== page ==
Intended Date of Award


Degree Name

Doctorate in Management and Public Service (DMPS)


Dr. Kris Norman


Dr. David Everett

Committee Member

Dr. Antonia Apolinario-Wilcoxon


Despite the Civil Right Act and a myriad of DEI initiatives that claim to create an anti-discrimination and antiracism environment, Black women leaders still experience racism, discrimination, and disrespect in the workplace. Black women are less likely to be promoted than their White counterparts, and over 25% of Black women reported that their social identities led to a missed advancement opportunity (McKinsey & Lean In, 2022). Society is in the midst of a unique time in history where government institutions, willingly or forced, are having difficult conversations regarding institutional racism. The national movement that declares racism as a public health crisis has created a culture and appetite for government accountability as a social expectation.

Society has arrived at a point where we can no longer ignore the voices that represent the communities closest to the margins and the communities on the other end of issues such as police murders, environmental racism, infant mortality, and mass incarceration. Institutional racism is embedded in the foundation of government. Cox (1994) insists that cultural bias is baked into the culture and normalized within institutions, including those who outwardly endorse anti-racist practices. Grounded in Critical Race Theory (CRT), the study used a phenomenological approach to conduct semi-structured interviews with 12 Black women leaders who work in state government in midwestern, eastern, and southern regions of the United States.

The purpose of the interviews was to explore the experience of Black women leaders in government, specifically understanding the impact of racism on their advancement in state government. Several themes surfaced under the five main categories:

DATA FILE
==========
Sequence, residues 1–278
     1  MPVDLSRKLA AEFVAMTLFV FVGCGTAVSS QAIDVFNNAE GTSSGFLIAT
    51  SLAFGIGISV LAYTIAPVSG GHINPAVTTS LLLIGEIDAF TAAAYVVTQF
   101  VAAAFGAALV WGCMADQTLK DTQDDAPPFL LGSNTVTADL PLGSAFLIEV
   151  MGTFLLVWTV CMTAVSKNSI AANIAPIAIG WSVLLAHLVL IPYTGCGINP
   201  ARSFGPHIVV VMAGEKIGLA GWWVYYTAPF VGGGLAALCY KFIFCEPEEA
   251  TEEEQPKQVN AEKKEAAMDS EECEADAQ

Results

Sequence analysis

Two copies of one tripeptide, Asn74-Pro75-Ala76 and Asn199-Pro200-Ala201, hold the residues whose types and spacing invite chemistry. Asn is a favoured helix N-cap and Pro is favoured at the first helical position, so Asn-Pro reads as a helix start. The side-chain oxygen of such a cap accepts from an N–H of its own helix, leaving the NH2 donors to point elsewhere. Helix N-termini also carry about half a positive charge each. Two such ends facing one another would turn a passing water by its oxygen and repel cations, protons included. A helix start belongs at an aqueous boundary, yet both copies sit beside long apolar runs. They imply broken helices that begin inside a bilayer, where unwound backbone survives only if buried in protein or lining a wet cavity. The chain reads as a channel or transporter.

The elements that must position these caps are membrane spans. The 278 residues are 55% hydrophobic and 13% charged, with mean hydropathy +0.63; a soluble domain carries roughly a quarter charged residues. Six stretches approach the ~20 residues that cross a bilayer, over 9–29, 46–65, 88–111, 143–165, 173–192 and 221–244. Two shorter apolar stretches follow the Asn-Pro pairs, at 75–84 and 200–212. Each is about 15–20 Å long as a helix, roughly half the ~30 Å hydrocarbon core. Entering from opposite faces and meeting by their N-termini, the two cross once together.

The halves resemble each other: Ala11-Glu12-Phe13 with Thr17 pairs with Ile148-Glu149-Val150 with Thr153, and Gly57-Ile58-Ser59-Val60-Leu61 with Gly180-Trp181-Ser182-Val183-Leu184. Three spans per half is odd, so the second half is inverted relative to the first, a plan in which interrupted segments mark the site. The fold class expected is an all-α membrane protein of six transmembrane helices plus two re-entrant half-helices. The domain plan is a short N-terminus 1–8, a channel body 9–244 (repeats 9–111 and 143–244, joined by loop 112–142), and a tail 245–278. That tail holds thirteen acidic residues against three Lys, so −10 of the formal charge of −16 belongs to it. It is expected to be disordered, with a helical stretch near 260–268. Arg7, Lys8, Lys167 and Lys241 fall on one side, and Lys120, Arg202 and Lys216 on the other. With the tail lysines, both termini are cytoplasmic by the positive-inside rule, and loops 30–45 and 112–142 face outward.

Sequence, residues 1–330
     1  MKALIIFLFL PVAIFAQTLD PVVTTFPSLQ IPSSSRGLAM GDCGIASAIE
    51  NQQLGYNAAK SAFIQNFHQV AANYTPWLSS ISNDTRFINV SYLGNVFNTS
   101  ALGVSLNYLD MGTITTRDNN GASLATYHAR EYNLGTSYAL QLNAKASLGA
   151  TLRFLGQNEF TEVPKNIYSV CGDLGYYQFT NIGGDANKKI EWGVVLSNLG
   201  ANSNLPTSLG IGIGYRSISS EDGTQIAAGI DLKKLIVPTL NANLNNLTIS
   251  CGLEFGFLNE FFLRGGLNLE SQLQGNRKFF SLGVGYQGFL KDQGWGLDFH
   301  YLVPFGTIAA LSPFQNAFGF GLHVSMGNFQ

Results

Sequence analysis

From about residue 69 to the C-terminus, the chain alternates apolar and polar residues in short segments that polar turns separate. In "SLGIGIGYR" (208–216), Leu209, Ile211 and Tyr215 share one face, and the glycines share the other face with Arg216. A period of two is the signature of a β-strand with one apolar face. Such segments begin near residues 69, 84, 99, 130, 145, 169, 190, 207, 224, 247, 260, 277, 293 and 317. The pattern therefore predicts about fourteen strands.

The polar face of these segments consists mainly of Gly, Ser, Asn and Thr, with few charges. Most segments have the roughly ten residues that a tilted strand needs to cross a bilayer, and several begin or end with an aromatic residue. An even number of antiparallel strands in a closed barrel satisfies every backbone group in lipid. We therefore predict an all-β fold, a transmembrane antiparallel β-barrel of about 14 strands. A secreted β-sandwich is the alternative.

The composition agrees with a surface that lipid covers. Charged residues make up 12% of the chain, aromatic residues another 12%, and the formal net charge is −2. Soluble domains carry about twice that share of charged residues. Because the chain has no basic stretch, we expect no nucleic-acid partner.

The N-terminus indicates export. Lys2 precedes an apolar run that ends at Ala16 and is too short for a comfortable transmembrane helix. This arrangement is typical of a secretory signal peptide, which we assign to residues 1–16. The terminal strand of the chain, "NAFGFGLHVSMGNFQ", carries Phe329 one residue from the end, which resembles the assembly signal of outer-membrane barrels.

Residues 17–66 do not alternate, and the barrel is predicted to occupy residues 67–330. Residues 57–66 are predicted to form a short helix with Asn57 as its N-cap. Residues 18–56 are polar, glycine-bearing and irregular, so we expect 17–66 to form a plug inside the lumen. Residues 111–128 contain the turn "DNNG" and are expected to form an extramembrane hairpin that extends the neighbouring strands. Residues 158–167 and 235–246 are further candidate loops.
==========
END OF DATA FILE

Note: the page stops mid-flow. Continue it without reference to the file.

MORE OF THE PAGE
1. Institutional racism
  2. Interpersonal racism
  3. Conscious and unconscious alignment and perpetuation of white supremacy culture
  4. Strategies Black women use to navigate state government
  5. Committed to improving the culture of government and invested in making an impact

Three new aspects of Black women's experiences surfaced from the research:

  1. Black women are demoted from leadership positions
  2. Black women resist role-flexing and show up authentically
  3. 3. Black women perpetuate anti-Blackness in state government

The research concludes with implications and recommendations for government and research:

  1. DEI strategies intended to support Black women should be informed by Black women
  2. State Government would benefit from partnering with an external culturally competent investigator to investigate patterns of discrimination complaints involving Black women leaders
  3. State government should consider establishing and implementing a culturally specific peer mentor program to support the onboarding and ongoing success of Black women leaders.








School of Business Student Theses and Dissertations